Picture by Sunil060902: Barkingside station looking north
Nobody wants to visit when you live in Barkingside. It’s a long way out for people who live in London; and a long way in for people who live anywhere else, anywhere that isn’t Barkingside. So the Barkingsiders are friendly and say hello to their neighbours; they borrow eggs to bake cakes which they throw away half-eaten, because nobody will come around to help them finish. In summer they ask each other over to rained-out barbecues. They get married and have children to populate their empty living rooms.
It’s been this way a long time, in Barkingside. The people built the station in their long, empty evenings, a hundred years ago. Some of them had been to the city centre, and they’d watched the unprecedented mass of people, sidestepping and swarming and retreating and intersecting; so they disassembled their garden sheds and when there wasn’t enough brick they tore down the corner shop as well. They made a station at the curve of a stony dead-end path that they renamed Station Road. It was red and pointy-roofed, with chimneys on the outside that corresponded to no internal fireplace, and the line they put down was long and straight and went toward the city, and the platforms had curly-edged ironwork; and the people of Barkingside stood there, behind the yellow line that they’d painted themselves, and they waited.
There were trains, eventually. Not often, and sometimes whole years passed where the platform stood empty, but as time went on the services grew more regular. And when the conductor pulled the doors open and nobody stepped out, time after time, the Barkingsiders disassembled more sheds and the older houses and built the Girls’ Village Home and filled it with 1500 pauper girls, infants to near-women. They girls left Barkingside as well, once they were old enough, and didn’t come back.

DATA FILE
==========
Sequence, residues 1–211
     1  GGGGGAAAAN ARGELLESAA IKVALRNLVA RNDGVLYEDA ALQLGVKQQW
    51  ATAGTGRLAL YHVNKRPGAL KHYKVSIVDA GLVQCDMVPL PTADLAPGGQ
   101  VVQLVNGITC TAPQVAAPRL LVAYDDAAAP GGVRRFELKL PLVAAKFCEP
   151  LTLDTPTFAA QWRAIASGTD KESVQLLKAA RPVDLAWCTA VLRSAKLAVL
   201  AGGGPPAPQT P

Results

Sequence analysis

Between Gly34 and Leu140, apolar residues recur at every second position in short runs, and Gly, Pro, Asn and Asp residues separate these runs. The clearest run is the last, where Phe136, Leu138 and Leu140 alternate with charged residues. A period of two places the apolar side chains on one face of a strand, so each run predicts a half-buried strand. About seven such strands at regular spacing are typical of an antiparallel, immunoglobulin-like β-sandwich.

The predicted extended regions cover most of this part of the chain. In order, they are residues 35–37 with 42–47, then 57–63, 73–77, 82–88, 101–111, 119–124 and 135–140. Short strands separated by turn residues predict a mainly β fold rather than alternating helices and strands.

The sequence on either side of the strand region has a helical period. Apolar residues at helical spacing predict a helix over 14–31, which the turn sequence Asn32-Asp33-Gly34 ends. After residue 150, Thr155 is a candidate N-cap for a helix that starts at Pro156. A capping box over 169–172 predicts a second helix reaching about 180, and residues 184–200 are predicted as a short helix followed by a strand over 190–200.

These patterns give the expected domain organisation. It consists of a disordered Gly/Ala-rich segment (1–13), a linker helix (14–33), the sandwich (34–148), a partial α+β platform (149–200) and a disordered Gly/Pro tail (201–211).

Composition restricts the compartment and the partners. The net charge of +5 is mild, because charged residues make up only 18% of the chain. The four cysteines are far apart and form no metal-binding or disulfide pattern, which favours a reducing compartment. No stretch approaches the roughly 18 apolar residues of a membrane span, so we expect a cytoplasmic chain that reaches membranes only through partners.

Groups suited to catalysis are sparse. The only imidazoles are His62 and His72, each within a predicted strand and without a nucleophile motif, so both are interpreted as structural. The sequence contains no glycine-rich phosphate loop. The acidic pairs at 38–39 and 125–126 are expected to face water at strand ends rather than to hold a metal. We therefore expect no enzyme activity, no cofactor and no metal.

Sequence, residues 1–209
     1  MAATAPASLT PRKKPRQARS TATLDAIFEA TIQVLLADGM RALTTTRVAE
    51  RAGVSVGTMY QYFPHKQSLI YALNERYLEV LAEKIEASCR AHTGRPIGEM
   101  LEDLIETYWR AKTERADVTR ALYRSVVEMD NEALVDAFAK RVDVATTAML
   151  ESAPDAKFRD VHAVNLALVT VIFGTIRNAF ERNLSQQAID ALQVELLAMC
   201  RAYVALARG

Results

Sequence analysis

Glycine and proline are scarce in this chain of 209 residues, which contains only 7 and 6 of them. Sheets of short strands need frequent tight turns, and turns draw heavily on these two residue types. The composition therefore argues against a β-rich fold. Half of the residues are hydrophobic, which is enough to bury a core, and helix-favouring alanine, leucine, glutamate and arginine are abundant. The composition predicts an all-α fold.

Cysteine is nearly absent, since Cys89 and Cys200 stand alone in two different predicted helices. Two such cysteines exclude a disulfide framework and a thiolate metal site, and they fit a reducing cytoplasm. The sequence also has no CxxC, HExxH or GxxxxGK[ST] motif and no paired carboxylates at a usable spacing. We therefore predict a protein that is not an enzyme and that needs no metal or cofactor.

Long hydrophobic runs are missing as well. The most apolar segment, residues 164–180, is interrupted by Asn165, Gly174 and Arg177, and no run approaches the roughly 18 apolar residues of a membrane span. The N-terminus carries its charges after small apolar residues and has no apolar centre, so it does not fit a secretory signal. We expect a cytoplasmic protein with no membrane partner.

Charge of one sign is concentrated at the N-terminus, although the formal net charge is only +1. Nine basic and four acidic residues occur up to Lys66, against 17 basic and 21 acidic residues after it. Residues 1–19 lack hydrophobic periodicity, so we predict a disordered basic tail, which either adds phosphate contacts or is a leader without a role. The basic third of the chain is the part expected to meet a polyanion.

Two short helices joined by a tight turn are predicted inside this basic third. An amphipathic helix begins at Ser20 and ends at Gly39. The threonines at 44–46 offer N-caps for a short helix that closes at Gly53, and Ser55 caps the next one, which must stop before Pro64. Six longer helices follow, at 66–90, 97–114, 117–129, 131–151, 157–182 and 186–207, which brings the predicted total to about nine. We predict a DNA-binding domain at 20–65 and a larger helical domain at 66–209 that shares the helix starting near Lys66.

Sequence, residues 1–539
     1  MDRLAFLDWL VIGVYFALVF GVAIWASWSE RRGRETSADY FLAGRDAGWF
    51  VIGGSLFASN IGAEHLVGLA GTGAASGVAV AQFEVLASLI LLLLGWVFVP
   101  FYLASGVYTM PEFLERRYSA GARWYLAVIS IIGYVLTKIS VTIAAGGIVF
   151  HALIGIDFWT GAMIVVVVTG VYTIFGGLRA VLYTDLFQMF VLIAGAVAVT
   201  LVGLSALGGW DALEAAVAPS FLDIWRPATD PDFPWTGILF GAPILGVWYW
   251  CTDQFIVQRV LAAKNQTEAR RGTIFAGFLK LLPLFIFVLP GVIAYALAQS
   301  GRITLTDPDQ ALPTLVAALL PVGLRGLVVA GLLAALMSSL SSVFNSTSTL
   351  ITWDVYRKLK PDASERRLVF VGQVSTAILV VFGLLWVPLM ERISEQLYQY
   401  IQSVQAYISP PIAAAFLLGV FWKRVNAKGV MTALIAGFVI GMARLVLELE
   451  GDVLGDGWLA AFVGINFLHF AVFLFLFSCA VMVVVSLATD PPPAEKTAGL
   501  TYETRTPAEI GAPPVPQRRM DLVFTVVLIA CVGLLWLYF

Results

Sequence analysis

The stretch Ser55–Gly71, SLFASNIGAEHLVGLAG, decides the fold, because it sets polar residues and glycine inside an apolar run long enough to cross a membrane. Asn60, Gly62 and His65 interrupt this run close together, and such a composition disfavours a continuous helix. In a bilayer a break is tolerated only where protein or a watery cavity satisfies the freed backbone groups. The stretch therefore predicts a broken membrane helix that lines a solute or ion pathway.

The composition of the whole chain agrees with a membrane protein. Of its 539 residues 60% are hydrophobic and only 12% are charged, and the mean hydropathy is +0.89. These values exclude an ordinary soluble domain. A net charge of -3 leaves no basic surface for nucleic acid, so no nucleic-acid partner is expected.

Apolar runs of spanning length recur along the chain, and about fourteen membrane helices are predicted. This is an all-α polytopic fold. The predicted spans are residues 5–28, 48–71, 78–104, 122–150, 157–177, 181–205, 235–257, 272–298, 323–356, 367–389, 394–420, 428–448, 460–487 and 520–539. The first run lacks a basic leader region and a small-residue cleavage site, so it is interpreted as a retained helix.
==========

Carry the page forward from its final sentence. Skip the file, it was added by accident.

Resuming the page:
It’s a nice place, Barkingside. Pathways and trees and flowerbeds; libraries and swimming-pools and schools and churches (the services are well-attended). The pubs have attractive shuttered windows, and locals who call out startled welcomes when you go in. There are picket fences. The paintwork is bright and neat, the cemetery’s lawns are a deep clipped green. The streets are quiet.
Too quiet? Yes, of course. Zone 4 is the dead zone. Nobody visits, and the eyes of the Barkingside people are friendly and bright with hope, sad with incomprehension.
Which is to say: thanks so much for the invite, but I don’t think I’ll be able to make it up on Saturday - boring family stuff all day, you know. Really wish I could be there, though! And have a slice of cake for me, I’ll be thinking of you!